James Clapper Has Some Thoughts on Donald Trump

(Bloomberg Opinion) -- Who are the heroes of the anti-Trump "resistance"? That's a simple question with a multipart answer.

You've got presidential hopefuls like Bernie Sanders; outspoken members of Congress like Maxine Waters; pundits from left-leaning media outlets like MSNBC; big donors to liberal activist organizations like George Soros; and a bunch of other usual suspects. But there are also some wildcards like former top officials from law enforcement and intelligence and the military. In particular: former FBI director James Comey, former CIA head Michael V. Hayden, and former Director of National Intelligence James R. Clapper.

Perhaps the last is the most surprising. One might expect that a former Marine enlisted reservist who rose to having three stars on his epaulettes would observe the military tradition of silence on political issues. And one might not expect the resistance to embrace a man who oversaw a vast intelligence operation that secretly gathered data on millions of Americans.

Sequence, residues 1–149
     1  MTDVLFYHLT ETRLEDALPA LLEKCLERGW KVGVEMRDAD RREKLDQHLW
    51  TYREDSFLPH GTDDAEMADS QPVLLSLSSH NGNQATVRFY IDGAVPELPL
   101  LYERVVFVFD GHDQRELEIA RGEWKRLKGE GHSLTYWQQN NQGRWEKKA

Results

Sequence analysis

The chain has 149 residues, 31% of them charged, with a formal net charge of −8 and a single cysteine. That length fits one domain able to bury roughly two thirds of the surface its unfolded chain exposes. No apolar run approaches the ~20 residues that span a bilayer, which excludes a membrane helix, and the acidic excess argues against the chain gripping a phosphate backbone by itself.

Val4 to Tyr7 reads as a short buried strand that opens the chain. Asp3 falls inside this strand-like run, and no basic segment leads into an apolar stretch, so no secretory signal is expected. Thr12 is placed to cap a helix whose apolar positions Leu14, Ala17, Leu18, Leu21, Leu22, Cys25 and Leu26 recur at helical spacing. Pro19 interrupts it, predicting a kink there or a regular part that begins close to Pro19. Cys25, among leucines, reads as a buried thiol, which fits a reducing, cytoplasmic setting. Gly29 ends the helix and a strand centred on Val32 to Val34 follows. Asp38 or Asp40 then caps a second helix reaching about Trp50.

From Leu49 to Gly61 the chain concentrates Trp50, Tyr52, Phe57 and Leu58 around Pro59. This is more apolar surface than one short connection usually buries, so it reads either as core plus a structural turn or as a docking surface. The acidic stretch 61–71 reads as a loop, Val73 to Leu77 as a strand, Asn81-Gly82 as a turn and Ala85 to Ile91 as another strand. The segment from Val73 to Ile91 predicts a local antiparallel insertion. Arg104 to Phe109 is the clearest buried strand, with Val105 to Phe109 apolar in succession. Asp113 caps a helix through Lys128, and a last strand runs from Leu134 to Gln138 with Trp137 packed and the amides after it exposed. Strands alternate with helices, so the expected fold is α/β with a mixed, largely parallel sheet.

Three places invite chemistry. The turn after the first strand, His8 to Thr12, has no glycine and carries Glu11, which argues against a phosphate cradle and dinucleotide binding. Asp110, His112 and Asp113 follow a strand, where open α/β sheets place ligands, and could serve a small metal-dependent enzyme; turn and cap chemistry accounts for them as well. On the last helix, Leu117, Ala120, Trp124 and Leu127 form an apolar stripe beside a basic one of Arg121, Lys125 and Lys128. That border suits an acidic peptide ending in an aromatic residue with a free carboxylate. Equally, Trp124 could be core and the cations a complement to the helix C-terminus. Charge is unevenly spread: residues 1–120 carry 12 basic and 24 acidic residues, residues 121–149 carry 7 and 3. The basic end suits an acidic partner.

But if one reads Clapper's new book, "Facts and Fears," or better yet spends 20 minutes talking to him, many of these seeming contradictions fade away. So that’s what I did. Here is a lightly edited transcript of the conversation.

Tobin Harshaw: Before we get to the presidential elephant in the room, I want to talk a little bit more broadly about your career and about the state of the Intelligence Community. We have 17 separate intelligence agencies with a budget of some $70 billion. Several million people have security clearances. Is all of that really necessary? Or would a leaner Intelligence Community maybe be a better Intelligence Community?

James R. Clapper: That’s an assertion that people make: You could be better if you were smaller. And of course it's gotten bigger since I left. But I will say that given the worldwide responsibilities of the United States and the voracious demands for intelligence throughout the government, we've always made a big investment in intelligence in this country. Could it be smaller? I suppose it could. But one thing you have to remember about the intelligence businesses is that it's inherently manpower intensive, and that explains some of the costs. But given the diversity of threats that the United States confronts now, unlike any I've seen in my 50 years, I think that size and spending is merited.